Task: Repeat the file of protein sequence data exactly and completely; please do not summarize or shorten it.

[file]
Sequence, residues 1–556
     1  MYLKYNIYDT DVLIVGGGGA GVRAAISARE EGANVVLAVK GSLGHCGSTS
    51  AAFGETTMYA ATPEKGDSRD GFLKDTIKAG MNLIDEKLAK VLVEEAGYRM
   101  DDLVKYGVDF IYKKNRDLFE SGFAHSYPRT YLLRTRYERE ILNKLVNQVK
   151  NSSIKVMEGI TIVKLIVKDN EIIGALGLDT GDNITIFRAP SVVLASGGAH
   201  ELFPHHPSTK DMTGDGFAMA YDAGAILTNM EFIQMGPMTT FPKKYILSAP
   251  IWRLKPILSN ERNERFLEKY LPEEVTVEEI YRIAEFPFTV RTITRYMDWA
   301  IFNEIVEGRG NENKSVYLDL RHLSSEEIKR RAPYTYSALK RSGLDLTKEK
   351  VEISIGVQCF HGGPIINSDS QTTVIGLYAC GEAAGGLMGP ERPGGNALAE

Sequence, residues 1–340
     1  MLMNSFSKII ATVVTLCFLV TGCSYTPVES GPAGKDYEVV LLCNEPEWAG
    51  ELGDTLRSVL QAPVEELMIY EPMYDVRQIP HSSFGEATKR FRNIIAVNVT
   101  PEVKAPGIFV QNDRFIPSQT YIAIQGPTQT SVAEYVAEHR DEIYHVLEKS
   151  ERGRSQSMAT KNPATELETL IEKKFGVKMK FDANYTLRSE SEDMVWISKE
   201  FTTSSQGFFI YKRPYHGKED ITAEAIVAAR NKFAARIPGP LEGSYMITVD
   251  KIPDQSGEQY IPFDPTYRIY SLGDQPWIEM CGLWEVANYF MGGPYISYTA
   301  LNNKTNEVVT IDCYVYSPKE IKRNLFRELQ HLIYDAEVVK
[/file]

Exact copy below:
Sequence, residues 1–556
     1  MYLKYNIYDT DVLIVGGGGA GVRAAISARE EGANVVLAVK GSLGHCGSTS
    51  AAFGETTMYA ATPEKGDSRD GFLKDTIKAG MNLIDEKLAK VLVEEAGYRM
   101  DDLVKYGVDF IYKKNRDLFE SGFAHSYPRT YLLRTRYERE ILNKLVNQVK
   151  NSSIKVMEGI TIVKLIVKDN EIIGALGLDT GDNITIFRAP SVVLASGGAH
   201  ELFPHHPSTK DMTGDGFAMA YDAGAILTNM EFIQMGPMTT FPKKYILSAP
   251  IWRLKPILSN ERNERFLEKY LPEEVTVEEI YRIAEFPFTV RTITRYMDWA
   301  IFNEIVEGRG NENKSVYLDL RHLSSEEIKR RAPYTYSALK RSGLDLTKEK
   351  VEISIGVQCF HGGPIINSDS QTTVIGLYAC GEAAGGLMGP ERPGGNALAE

Sequence, residues 1–340
     1  MLMNSFSKII ATVVTLCFLV TGCSYTPVES GPAGKDYEVV LLCNEPEWAG
    51  ELGDTLRSVL QAPVEELMIY EPMYDVRQIP HSSFGEATKR FRNIIAVNVT
   101  PEVKAPGIFV QNDRFIPSQT YIAIQGPTQT SVAEYVAEHR DEIYHVLEKS
   151  ERGRSQSMAT KNPATELETL IEKKFGVKMK FDANYTLRSE SEDMVWISKE
   201  FTTSSQGFFI YKRPYHGKED ITAEAIVAAR NKFAARIPGP LEGSYMITVD
   251  KIPDQSGEQY IPFDPTYRIY SLGDQPWIEM CGLWEVANYF MGGPYISYTA
   301  LNNKTNEVVT IDCYVYSPKE IKRNLFRELQ HLIYDAEVVK